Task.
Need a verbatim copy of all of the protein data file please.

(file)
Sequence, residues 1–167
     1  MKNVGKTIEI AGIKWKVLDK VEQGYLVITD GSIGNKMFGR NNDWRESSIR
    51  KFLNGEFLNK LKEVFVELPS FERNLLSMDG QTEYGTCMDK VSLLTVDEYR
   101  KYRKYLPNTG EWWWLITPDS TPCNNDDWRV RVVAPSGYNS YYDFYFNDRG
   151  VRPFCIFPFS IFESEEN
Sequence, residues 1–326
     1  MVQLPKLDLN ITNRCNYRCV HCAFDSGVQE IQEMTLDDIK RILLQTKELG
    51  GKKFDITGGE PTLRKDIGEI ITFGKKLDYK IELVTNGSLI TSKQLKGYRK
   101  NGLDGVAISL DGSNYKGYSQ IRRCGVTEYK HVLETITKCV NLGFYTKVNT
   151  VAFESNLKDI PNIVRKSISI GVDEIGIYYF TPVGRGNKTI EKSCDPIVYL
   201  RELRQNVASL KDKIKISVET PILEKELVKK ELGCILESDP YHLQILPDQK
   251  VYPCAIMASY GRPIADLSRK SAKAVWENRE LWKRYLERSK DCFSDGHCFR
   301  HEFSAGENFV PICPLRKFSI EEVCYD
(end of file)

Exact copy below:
Sequence, residues 1–167
     1  MKNVGKTIEI AGIKWKVLDK VEQGYLVITD GSIGNKMFGR NNDWRESSIR
    51  KFLNGEFLNK LKEVFVELPS FERNLLSMDG QTEYGTCMDK VSLLTVDEYR
   101  KYRKYLPNTG EWWWLITPDS TPCNNDDWRV RVVAPSGYNS YYDFYFNDRG
   151  VRPFCIFPFS IFESEEN
Sequence, residues 1–326
     1  MVQLPKLDLN ITNRCNYRCV HCAFDSGVQE IQEMTLDDIK RILLQTKELG
    51  GKKFDITGGE PTLRKDIGEI ITFGKKLDYK IELVTNGSLI TSKQLKGYRK
   101  NGLDGVAISL DGSNYKGYSQ IRRCGVTEYK HVLETITKCV NLGFYTKVNT
   151  VAFESNLKDI PNIVRKSISI GVDEIGIYYF TPVGRGNKTI EKSCDPIVYL
   201  RELRQNVASL KDKIKISVET PILEKELVKK ELGCILESDP YHLQILPDQK
   251  VYPCAIMASY GRPIADLSRK SAKAVWENRE LWKRYLERSK DCFSDGHCFR
   301  HEFSAGENFV PICPLRKFSI EEVCYD